Military

House Committee Votes To Require Women To Register For Military Draft

(Photo by Scott Olson/Getty Images)

Michael Ginsberg Congressional Reporter
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The House Armed Services Committee voted to approve an amendment that would require women to register under the Selective Services Act (SSA).

The amendment, introduced by Democratic Pennsylvania Rep. Chrissy Houlahan, passed 35-24 on Wednesday night. It will be included in the 2022 National Defense Authorization Act (NDAA), the omnibus package that funds the Department of Defense (DOD) and U.S. military.

A similar amendment passed the Senate Armed Services Committee in July. Republicans killed an effort to require women to register under the SSA in 2016, the last time Congress seriously considered amending it. (RELATED: Congress Abandons Plan To Force Women To Sign Up For Draft)

The NDAA passed out of the House Armed Services Committee on Wednesday night, 42-17, and will now be considered by the full House. Although the NDAA also passed the Senate Armed Services Committee in July, neither chamber has fully approved the package.

“Women make up over 50 percent of our population, and not including them in the Selective Service is not only a disservice to these women, but also to our nation as a whole,” Houlahan said, adding that the SSA is “unconstitutional” because it “discriminates based on sex.”

Houlahan, an Air Force veteran, is a member of the Congressional Veterans Caucus.

The provision could galvanize Republican opposition to the NDAA.

“I support our military’s efforts to offer more opportunities for women who want to volunteer to serve,” Republican Mississippi Sen. Roger Wicker told Roll Call in July, when the Senate amendment passed. “But when I think of my own daughters and granddaughters, I could not in good conscience support an amendment that would compel their military service.”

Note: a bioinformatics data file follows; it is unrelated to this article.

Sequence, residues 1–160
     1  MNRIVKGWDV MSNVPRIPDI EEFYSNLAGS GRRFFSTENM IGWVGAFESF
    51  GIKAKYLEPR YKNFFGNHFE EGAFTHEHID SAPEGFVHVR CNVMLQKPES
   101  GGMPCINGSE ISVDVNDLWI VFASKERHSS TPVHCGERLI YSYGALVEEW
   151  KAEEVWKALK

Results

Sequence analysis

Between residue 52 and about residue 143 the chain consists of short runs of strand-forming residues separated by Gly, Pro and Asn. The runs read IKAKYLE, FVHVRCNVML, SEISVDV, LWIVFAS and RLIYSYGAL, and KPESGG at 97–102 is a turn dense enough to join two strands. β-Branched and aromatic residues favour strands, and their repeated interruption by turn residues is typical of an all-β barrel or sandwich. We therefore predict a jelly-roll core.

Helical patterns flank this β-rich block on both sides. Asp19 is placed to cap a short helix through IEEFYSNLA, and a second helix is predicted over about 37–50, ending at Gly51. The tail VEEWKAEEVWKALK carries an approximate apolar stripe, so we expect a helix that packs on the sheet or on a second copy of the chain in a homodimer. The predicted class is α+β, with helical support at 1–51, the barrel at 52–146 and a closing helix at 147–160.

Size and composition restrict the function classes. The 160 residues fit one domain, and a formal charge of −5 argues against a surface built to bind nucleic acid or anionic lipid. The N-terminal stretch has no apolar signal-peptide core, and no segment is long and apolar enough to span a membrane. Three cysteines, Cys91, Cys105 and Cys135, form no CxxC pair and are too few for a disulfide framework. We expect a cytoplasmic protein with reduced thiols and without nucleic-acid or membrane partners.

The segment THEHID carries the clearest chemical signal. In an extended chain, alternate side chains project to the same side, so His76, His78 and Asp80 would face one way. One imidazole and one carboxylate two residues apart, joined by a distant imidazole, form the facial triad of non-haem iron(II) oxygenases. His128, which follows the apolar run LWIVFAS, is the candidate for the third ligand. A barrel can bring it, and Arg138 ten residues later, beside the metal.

“We don’t need to draft women in order for women to have equality in this nation,” Republican Missouri Rep. Vicky Hartzler told Politico. “Women are of worth and of value right now and we are equal with men without having to pass a new law that would require 50 percent of this country — our daughters and our sisters and our wives — to have to be drafted.”

The U.S. military has not used a draft since 1973, when opposition to the Vietnam War made the process politically untenable. However, 18 year-olds are still required to register under the SSA, in case of a national emergency.

Republican Florida Rep. Mike Waltz, who supported the amendment, argued that if the DOD decided to bring back the draft, the U.S. military would need women to serve.

“If it’s so grave that we have to go to a draft, we need everybody,” he said. “We need man, woman, gay, straight, any religion, Black, white, brown. We need everybody, all hands on deck.”